sleep pattern vs sleep training

Why sleep training your baby doesn’t always equal good sleep

There is a common misconception that having your baby sleeping well or on a sleep schedule/ program/ routine is the same as "sleep training" and that "sleep training" can only mean a crying, unhappy, abandoned baby.

We want to outline the difference between using the schedules and solutions in our Little Ones App to achieve good sleep and the need for actual "sleep training". We'll also explain when the two can go hand in hand.

In this article:

  • How to achieve good sleep without sleep training
  • Understanding sleep training
  • How self-settling/self-soothing fits into the equation

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How to achieve good sleep without sleep training

It is a common misconception that if you want your baby to sleep well, you have to do some form of sleep training, but we’re here to tell you this isn’t the case! Many babies, and especially those under 3-4 months of age, are perfectly capable of achieving good sleep without any formal sleep training.

The secret is knowing the perfect awake windows for your baby's age and allowing your baby to nap at the optimal times and lengths, so they are perfectly ready for sleep. This helps them to fall asleep easily during the day and sleep well at night.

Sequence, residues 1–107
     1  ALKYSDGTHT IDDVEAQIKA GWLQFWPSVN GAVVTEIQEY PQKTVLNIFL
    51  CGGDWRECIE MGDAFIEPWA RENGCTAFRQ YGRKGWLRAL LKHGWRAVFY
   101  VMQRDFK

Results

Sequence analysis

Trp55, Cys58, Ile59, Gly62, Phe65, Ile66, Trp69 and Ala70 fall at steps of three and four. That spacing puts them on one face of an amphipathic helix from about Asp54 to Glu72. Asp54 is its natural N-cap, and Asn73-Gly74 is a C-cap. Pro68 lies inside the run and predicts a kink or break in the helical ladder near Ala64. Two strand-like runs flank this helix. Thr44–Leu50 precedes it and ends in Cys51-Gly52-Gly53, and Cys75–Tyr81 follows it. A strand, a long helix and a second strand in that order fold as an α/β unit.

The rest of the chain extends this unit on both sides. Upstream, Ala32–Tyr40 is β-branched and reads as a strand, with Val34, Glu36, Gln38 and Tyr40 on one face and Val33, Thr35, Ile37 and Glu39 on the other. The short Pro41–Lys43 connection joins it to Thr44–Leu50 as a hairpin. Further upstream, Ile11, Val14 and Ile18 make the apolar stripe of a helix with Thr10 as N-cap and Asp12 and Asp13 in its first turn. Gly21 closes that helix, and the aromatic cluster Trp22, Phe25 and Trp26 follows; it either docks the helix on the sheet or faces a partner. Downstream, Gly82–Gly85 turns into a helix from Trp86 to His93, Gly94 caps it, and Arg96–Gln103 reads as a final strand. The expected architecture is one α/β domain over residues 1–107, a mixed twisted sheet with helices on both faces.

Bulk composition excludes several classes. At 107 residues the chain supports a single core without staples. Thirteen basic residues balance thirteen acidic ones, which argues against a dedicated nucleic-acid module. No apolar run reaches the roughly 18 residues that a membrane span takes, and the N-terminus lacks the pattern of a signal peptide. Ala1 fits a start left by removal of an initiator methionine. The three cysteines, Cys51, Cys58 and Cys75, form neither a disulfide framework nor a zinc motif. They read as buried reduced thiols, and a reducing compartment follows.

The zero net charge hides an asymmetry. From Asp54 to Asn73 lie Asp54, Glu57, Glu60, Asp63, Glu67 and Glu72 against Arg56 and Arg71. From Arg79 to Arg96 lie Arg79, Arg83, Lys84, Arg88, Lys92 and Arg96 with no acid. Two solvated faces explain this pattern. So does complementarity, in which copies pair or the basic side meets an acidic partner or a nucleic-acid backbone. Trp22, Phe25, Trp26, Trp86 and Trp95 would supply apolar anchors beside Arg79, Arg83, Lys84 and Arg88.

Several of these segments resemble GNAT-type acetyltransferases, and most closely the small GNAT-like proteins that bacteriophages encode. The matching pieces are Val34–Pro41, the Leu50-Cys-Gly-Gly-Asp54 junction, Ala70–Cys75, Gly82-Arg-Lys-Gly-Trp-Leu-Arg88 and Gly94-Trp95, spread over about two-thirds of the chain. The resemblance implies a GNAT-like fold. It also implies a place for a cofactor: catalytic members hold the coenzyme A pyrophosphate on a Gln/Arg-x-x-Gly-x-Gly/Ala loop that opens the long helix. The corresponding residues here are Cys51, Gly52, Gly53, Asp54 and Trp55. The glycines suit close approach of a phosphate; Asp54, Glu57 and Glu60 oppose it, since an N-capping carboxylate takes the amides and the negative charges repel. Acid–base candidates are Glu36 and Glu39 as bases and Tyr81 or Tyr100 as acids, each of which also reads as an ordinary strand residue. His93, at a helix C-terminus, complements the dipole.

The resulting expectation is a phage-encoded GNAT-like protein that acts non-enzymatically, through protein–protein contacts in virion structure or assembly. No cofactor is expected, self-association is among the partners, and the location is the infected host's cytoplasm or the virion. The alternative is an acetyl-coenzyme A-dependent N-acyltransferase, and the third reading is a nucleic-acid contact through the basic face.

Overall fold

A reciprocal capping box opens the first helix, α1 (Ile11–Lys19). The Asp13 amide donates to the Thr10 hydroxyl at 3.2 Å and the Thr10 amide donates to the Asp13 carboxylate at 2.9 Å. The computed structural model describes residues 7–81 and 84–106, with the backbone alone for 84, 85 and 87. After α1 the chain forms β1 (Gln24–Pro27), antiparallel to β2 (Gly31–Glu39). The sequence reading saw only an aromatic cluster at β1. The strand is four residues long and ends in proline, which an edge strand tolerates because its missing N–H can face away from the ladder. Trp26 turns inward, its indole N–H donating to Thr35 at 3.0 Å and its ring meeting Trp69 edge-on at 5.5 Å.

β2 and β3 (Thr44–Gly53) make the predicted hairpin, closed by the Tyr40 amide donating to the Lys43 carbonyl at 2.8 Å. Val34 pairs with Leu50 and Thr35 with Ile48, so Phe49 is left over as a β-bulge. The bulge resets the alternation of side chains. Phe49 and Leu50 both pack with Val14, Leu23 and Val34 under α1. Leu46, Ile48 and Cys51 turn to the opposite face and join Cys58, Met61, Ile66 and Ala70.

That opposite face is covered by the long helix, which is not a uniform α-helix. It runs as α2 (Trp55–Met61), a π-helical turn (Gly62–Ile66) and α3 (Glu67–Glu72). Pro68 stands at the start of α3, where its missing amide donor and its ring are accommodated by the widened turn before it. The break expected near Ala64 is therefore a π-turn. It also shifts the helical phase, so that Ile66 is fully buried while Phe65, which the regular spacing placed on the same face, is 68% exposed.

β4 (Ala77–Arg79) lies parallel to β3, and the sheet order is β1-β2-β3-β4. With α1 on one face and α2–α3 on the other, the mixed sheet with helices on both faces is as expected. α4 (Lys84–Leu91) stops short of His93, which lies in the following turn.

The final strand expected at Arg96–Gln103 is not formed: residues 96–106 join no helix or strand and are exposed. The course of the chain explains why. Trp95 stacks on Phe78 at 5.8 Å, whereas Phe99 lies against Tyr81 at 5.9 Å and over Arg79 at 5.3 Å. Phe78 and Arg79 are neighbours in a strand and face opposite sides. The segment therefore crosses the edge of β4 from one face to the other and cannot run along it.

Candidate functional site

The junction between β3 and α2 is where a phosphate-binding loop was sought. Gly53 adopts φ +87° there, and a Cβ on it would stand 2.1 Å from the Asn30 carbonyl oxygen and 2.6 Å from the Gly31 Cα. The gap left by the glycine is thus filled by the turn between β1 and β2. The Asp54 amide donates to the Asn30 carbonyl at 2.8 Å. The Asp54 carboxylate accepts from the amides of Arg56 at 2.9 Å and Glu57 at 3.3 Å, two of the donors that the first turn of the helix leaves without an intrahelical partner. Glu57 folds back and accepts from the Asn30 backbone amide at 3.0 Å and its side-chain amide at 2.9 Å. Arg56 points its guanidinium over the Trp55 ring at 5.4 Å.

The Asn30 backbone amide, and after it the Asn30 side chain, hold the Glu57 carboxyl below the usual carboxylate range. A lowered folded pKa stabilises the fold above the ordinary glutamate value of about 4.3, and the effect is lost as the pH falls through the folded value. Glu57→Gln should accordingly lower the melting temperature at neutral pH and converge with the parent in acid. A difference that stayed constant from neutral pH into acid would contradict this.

Babies who follow the age-appropriate schedules in our Little Ones App generally won't need proper "sleep training" because they will be given the opportunity to sleep at the best times for their age. They will quickly learn when it's time for sleep and they won’t need as much active settling as an over or under tired baby would.

Our goal has always been to set up great sleep habits right across your baby's day and night time sleep. We never look at your baby's days or nights in isolation. Naps have such a huge impact on your baby's ability to settle and sleep well at night, so it is actually the most important thing to get right before addressing any night waking issues.

Having an established and predictable nap pattern during the day, also means your baby will be at the optimal times, so they won’t wake hungry from naps. Getting plenty of feeds in during the day will also help them to sleep for longer stretches overnight.

Understanding sleep training

When we use the term "sleep training", we mean teaching your baby to go to sleep independently, or "self-settle", without parent-led sleep associations such as being fed, rocked or patted to sleep. Self-settling can be achieved using a variety of methods - you have probably heard of some of the more common ones such as "cry it out", "verbal reassurance" or "pick-up/put-down".